The Protector by Dee Henderson

The Protector

Plot: I found this book in our car; I have no idea to whom this belongs. I know two things for sure though: It was in our car for weeks, and I was bored so I started reading it. 🙂

As it turns out, (of course I found out at the end of the book) this book is four in a series about the O’Malley family. Thankfully, as far as I can tell, you do not need to read the first to read the forth; each book is about one of the seven different children in the O’Malley family.

This book happens to be about Jack O’Malley, a firefighter with Ladder 81, a fire station that also investigates arson fires. His boss, Cole, and he are very concerned about one arsonist that keeps setting fires at the edge of the district and leaving popcorn behind as a sign. It takes them longer to reach each fire as the arsonist sets them at the edge of the district, where there are closed fire stations. Oddly enough, Cole figures out that each arson fire is set whenever Jack is on duty. Fighting fires does not bother Jack, but being a target does.

The story also revolves around Cassie, a fire woman burned badly in a retirement home fire, and is now unable to fight fires. Jack visits Cassie often, he is determined to make her laugh and come away from the grief of her accident.

A romance sparks between Jack and Cassie, but Cassie is a Christian and Jack is not. The subject of religion is a sore area for conversation; Jack listens willingly, yet cannot bring himself to believe in the resurrection of Christ. This causes Cassie much stress, knowing that Jack could die at the arson fires and not be in heaven.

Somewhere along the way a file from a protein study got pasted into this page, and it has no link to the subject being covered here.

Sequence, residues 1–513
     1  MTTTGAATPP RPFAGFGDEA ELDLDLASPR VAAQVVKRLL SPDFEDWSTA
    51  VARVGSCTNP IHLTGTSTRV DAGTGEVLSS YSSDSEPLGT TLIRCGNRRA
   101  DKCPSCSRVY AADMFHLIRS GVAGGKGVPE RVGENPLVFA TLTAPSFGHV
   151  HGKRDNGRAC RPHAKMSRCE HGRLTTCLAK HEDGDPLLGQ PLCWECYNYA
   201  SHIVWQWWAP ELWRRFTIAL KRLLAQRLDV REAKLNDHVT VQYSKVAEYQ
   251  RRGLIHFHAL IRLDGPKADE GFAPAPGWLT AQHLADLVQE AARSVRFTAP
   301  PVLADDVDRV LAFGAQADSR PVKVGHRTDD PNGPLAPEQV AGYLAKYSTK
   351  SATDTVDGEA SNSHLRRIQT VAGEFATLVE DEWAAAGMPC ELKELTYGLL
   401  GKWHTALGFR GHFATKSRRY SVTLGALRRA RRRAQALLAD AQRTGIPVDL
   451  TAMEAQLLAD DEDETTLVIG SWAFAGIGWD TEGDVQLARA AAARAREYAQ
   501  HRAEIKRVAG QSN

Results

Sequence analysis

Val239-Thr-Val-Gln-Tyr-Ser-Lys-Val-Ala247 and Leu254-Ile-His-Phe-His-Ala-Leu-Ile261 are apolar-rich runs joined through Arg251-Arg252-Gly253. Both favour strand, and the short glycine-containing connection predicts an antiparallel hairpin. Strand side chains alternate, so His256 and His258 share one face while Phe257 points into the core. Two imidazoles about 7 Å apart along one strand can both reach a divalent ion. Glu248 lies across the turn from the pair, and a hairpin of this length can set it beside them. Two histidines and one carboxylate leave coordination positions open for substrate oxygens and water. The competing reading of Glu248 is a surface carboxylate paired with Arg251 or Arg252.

Jack has this and his sister, Jennifer’s cancer weighing on his shoulders, not to mention the arsonist who persists in setting fires and writing notes on walls. In one fire, Cassie happens to catch a glimpse of the arsonist, before he fades from sight. Sure that she could recognize him on sight again, Cassie takes Cole’s offer to join the fire fighters once more. She is only allowed to watch and help clean up, but Cassie still enjoys being back on the job.

Following the arsonist sighting, Cassie also seems to become a target, leaving Jack to become a protector, willing to risk all to save her.

Positive: This book had great Christian content, our hero and heroine were lovable characters and the plot kept moving with no slow. Well written, this book kept me guessing until the end, and it was very surprising then. No swear words that I recall. The author’s style is very engaging, and she draws you into the characters and helps you feel their pain and joy.

Negative: Nothing really, this one man committed suicide, and another keeps setting fires.

Overall: I hardly dared put this book down I enjoyed it so much. The mystery, storyline and character kept me in the book. I recommend this book to all, it is very clean and a wonderful read.


6 thoughts on “The Protector by Dee Henderson

  1. I know two things about the book; I used to sell them in a bookstore. They are *very* popular and the anthologies are a great deal (and even more popular than the stand alone titles).

    Unfortunately for Henderson, she wrote this series for a stupid publisher. The publisher decided to quit stocking them though they sold quite well for me. Henderson has moved on to better publishing partners so that’s good for her fans.

    I hate it when publishers squelch good books…. The same publisher did this to Wings of Dawn.

  2. The right publisher is important. JK Rowlings books were so popular in part because the publisher did a huge advertising campaign with fancy displays and posers right from the get-go. If you can’t get a good publisher, do it yourself, just budget double: half for books, half for ads. 😉